Scholarly article on topic 'Potential for direct interspecies electron transfer in an electric-anaerobic system to increase methane production from sludge digestion'

Potential for direct interspecies electron transfer in an electric-anaerobic system to increase methane production from sludge digestion Academic research paper on "Environmental engineering"

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Academic research paper on topic "Potential for direct interspecies electron transfer in an electric-anaerobic system to increase methane production from sludge digestion"

SCIENTIFIC REPpRTS

Received: 13 February 2015 Accepted: 29 April 2015 Published: 09 June 2015

Potential for direct interspecies electron transfer in an electric-anaerobic system to increase methane production from sludge digestion

Zhiqiang Zhao1, Yaobin Zhang1'2, Liying Wang2'3 & Xie Quan1

Direct interspecies electron transfer (DIET) between Geobacter species and Methanosaeta species is an alternative to interspecies hydrogen transfer (IHT) in anaerobic digester, which however has not been established in anaerobic sludge digestion as well as in bioelectrochemical systems yet. In this study, it was found that over 50% of methane production of an electric-anaerobic sludge digester was resulted from unknown pathway. Pyrosequencing analysis revealed that Geobacter species were significantly enriched with electrodes. Fluorescence in situ hybridization (FISH) further confirmed that the dominant Geobacter species enriched belonged to Geobacter metallireducens. Together with Methanosaeta species prevailing in the microbial communities, the direct electron exchange between Geobacter species and Methanosaeta species might be an important reason for the "unknown" increase of methane production. Conductivity of the sludge in this electric-anaerobic digester was about 30% higher than that of the sludge in a control digester without electrodes. This study not only revealed for the first time that DIET might be the important mechanism on the methanogenesis of bioelectrochemical system, but also provided a new method to enhance DIET by means of bioelectric enrichment of Geobacter species.

Anaerobic methanogenesis is an effective way to realize energy recovery from wastes1-3. Although this technology has been available for more than 60 years, it is not as widely utilized for solid waste conversion as might be expected. This is due, at least in part, to the widespread belief that anaerobic digestion is a slow process4. For the last decades, the working model for syntrophs and methanogens exchange electrons is regarded as interspecies hydrogen transfer (IHT)5-7. H2 is produced from non-methanogenic microorganisms metabolizing the fermentation products and consumed by H2-utilizing methanogens with the reduction of CO2 to CH4. This syntrophic metabolism of fermentation intermediates functions well as long as H2-utilizing methanogens maintain the concentration of H2 low enough that the production of H2 is thermodynamically favorable. Formate is an alternative to H2 and can also act as an electron carrier between syntrophic partners7-9. The exchange of H2 between the syntrophs and methanogens is a weak link. Any slight disruption in the rate of H2 consumption will break the balance of syntrophic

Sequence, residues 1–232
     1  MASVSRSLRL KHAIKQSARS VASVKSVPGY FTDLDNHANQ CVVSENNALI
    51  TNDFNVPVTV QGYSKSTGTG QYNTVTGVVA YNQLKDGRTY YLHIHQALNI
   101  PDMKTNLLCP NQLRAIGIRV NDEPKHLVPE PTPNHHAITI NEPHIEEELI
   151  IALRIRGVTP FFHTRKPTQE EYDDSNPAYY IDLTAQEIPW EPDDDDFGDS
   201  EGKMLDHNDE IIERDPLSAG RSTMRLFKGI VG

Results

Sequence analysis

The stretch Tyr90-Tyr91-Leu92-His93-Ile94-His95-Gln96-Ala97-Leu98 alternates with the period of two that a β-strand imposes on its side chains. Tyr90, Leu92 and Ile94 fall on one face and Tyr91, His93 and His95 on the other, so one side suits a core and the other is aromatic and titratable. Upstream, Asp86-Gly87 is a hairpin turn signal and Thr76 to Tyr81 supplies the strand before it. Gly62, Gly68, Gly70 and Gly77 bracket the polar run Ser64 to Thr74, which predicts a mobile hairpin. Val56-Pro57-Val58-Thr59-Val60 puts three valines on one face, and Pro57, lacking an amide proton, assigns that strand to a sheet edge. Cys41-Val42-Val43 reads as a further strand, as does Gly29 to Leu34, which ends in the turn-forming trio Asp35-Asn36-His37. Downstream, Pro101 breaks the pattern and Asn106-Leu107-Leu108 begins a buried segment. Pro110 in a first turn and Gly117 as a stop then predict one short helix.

1Key Laboratory of Industrial Ecology and Environmental Engineering (Dalian University of Technology), Ministry

of Education, School of Environmental Science and Technology, Dalian University of Technology, Dalian 116024, China. 2Department of Microbiology, University of Massachusetts, Amherst, MA 01003-9298, USA. 3State Key Laboratory of Bioreactor Engineering and Institute of Applied Chemistry, East China University of Science and

Technology, Shanghai, P.R. China. Correspondence and requests for materials should be addressed to Y.Z. (email:

zhangyb@dlut.edu.cn)

metabolism, resulting in the accumulative short-chain fatty acids (SCFAs), which further inhibits the activity of H2-consuming methanogens to exacerbate the digester function.

Extracellular electrons are also exchanged via direct interspecies electron transfer (DIET), which is first documented in defined co-cultures of Geobacter metallireducens and Geobacter sulfurreducens10. G. metallireducens can metabolize ethanol, but cannot use fumarate as an electron acceptor11, whereas G. sulfurreducens can reduce fumarate, but cannot metabolize ethanol12. By DIET, G. metallireducens and G. sulfurreducens could grow in a medium with ethanol as the electron donor and fumarate as the electron acceptor. Morita et al.13 reported that the potential for direct electron exchange between Geobacter species and Methanosaeta species could happen in the brewery wastewater digesters for methane production. Methanosaeta species accounted for about 90% of the methanogenic archaea 16S rRNA gene sequences recovered, and H2-utilizing methanogens only accounted for less than 0.6% of the methanogenic archaea 16S rRNA gene sequences recovered, which implied that IHT had only a little contribution to the whole methane production7,13. [14C]-bicarbonate analysis suggested that DIET between Geobacter species and Methanosaetae species contributed 1/3 of methane production7. This discovery that Geobacter species transferred electrons to Methanosaeta species via DIET has challenged the long-held assumption that H2 are the primary interspecies electron carrier in conversion of organic matter into methane.

Commonly, Methanosaeta species are the predominant microbes in most of anaerobic methanogenic environments or anaerobic waste digesters, and the precursor of more than half of methane production14. However, Geobacter species are only frequently abundant in some limited anaerobic methanogenic environments, such as soils and sediments15-17. For some important methanogenic environments, such as anaerobic digestion of municipal sludge or of saccharides, the relative abundance of Geobacter species detected are low18-20. It meant that DIET from Geobacter species to Methanosaet a species for methane production was weak in these anaerobic system.